For the Fox network, this is a tricky question:
What happens when the sports surge ends? What will it be like without the OK ratings from the World Series and the huge numbers from Thursday-night and Sunday-afternoon football?
Now there are answers, adding one old show (Tim Allen’s “Last Man Standing,” shown here) and several new ones, In particular, Fox will use football as a launching pad; for instance:
— On Dec. 29, there’s an NFL doubleheader. Afterward – at 8 p.m. ET, 5 p.m. PT – is the debut of “Flirty Dancing”; hosted by dancer/actress Jenna Dewan, it starts with strangers learning a dance routine together. Afterward, that takes the 8 p.m.Wednesday spot, starting New Year’s Day.
— On Jan. 19, Fox has the NFC championship game. Afterward – about 10 p.m. ET, 7 p.m. PT – it debuts “9-1-1: Lone Star,” which has Rob Lowe as a former New Yorker, leading first-responder work in Texas.The next night, that takes the “9-1-1” spot at 8 p.m. Mondays, keeping the hour rerun-free,
— And this year, Fox has the Super Bowl. That’s Feb. 2, followed by the start of a new edition of “Masked Singer.” Then “Masked Singer” reclaims its Wednesday slot (temporarily filled by “Flirty Dancing”); another reality competition — “Lego Masters” — follows.
Other shows, with no football boost, may have a tougher time.
Tim Allen’s “Last Man Standing” has thrived on Fridays, sometimes without comedy competition. But that night went to wrestling, leaving the show homeless. Starting Jan. 2, it will be at 8 p.m. Thursdays.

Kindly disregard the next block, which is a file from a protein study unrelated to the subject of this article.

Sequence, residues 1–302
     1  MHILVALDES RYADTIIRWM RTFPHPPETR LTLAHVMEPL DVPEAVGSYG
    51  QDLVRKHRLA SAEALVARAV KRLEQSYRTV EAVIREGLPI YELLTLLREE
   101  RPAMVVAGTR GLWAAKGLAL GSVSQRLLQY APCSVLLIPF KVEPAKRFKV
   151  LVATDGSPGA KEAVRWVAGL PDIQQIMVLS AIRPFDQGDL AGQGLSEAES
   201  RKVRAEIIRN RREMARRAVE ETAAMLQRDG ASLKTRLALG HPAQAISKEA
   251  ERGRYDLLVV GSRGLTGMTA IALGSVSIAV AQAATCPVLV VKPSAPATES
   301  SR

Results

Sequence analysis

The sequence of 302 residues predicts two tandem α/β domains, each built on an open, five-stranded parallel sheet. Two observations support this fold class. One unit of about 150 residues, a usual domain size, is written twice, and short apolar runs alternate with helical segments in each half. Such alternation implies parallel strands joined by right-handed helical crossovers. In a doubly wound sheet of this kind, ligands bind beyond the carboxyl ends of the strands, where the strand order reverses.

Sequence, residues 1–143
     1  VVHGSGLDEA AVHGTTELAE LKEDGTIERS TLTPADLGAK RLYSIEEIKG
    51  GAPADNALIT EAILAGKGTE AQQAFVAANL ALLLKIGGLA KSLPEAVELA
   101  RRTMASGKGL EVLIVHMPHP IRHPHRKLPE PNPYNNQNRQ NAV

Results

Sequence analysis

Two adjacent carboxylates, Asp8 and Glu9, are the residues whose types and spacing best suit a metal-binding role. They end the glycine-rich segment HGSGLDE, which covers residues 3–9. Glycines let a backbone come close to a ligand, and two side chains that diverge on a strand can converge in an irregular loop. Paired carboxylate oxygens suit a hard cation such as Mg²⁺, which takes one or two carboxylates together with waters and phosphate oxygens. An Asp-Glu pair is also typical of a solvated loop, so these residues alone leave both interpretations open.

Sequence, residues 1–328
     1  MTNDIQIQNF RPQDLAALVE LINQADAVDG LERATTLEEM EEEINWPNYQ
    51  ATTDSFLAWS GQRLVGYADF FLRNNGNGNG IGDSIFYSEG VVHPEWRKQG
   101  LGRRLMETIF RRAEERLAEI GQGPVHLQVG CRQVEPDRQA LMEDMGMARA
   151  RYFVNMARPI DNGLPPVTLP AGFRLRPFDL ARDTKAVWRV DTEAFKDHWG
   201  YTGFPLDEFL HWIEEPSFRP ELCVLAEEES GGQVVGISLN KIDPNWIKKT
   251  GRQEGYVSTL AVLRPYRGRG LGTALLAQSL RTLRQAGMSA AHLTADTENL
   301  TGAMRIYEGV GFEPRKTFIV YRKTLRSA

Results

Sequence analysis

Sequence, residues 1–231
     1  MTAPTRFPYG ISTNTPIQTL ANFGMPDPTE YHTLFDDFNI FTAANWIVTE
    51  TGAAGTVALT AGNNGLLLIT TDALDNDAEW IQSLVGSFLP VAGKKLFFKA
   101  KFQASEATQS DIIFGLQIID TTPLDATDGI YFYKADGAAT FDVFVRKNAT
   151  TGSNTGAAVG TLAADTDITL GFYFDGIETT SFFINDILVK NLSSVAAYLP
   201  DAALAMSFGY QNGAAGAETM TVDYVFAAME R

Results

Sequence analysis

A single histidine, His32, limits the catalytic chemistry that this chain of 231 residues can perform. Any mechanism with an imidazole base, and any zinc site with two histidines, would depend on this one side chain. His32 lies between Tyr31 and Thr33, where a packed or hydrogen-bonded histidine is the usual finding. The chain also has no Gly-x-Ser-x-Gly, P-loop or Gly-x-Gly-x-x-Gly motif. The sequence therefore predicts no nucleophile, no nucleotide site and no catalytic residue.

That puts it eye-to-eye with two other comedies, “Young Sheldon” and “Superstore.” Allen’s advantage is that he’ll sometimes have new episodes going against reruns. “Last Man Standing” will have two episodes on three Thursdays, before giving the 8:30 spot on Jan. 23 to “Outmatched,” with Jason Biggs and Maggie Lawson raising four kids, three of them geniuses.
Also on Thursdays, starting at 9 p.m. Jan. 2, is “Deputy.” Stephen Dorff plays an old-style lawman in the modern Los Angeles County Sheriff’s office. Other shifts are:
— Gordon Ramsay’s “24 Hours to Hell and Back” starts its season at 9 p.m. Tuesday, Jan. 7, after “The Resident.”
— “Duncanville,” a cartoon series from Amy Poehler and two of the “Simpsons” producers, debuts at 8:30 p.m. Sunday, Feb.16.
— Not yet scheduled are the final “Empire” episodes and two new dramas. “Filthy Rich” has in-fighting in a family that runs a mega-church; “nExt” is a sci-fi tale, with rogue androids constantly improving themselves.